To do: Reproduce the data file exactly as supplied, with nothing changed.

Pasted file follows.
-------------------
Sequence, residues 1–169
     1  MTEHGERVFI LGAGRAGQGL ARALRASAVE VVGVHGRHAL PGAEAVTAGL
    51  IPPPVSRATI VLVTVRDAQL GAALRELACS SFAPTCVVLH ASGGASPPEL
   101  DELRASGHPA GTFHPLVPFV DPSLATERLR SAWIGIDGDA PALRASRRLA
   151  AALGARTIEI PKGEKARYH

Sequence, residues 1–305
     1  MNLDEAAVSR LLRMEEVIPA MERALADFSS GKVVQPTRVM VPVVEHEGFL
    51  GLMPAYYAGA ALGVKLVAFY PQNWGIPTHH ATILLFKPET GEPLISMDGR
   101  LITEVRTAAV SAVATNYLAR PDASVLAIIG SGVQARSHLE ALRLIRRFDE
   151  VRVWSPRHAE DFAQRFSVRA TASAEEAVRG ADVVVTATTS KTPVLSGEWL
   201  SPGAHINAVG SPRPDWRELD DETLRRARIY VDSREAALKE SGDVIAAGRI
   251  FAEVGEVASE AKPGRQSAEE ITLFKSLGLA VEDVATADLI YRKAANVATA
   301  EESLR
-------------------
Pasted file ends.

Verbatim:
Sequence, residues 1–169
     1  MTEHGERVFI LGAGRAGQGL ARALRASAVE VVGVHGRHAL PGAEAVTAGL
    51  IPPPVSRATI VLVTVRDAQL GAALRELACS SFAPTCVVLH ASGGASPPEL
   101  DELRASGHPA GTFHPLVPFV DPSLATERLR SAWIGIDGDA PALRASRRLA
   151  AALGARTIEI PKGEKARYH

Sequence, residues 1–305
     1  MNLDEAAVSR LLRMEEVIPA MERALADFSS GKVVQPTRVM VPVVEHEGFL
    51  GLMPAYYAGA ALGVKLVAFY PQNWGIPTHH ATILLFKPET GEPLISMDGR
   101  LITEVRTAAV SAVATNYLAR PDASVLAIIG SGVQARSHLE ALRLIRRFDE
   151  VRVWSPRHAE DFAQRFSVRA TASAEEAVRG ADVVVTATTS KTPVLSGEWL
   201  SPGAHINAVG SPRPDWRELD DETLRRARIY VDSREAALKE SGDVIAAGRI
   251  FAEVGEVASE AKPGRQSAEE ITLFKSLGLA VEDVATADLI YRKAANVATA
   301  EESLR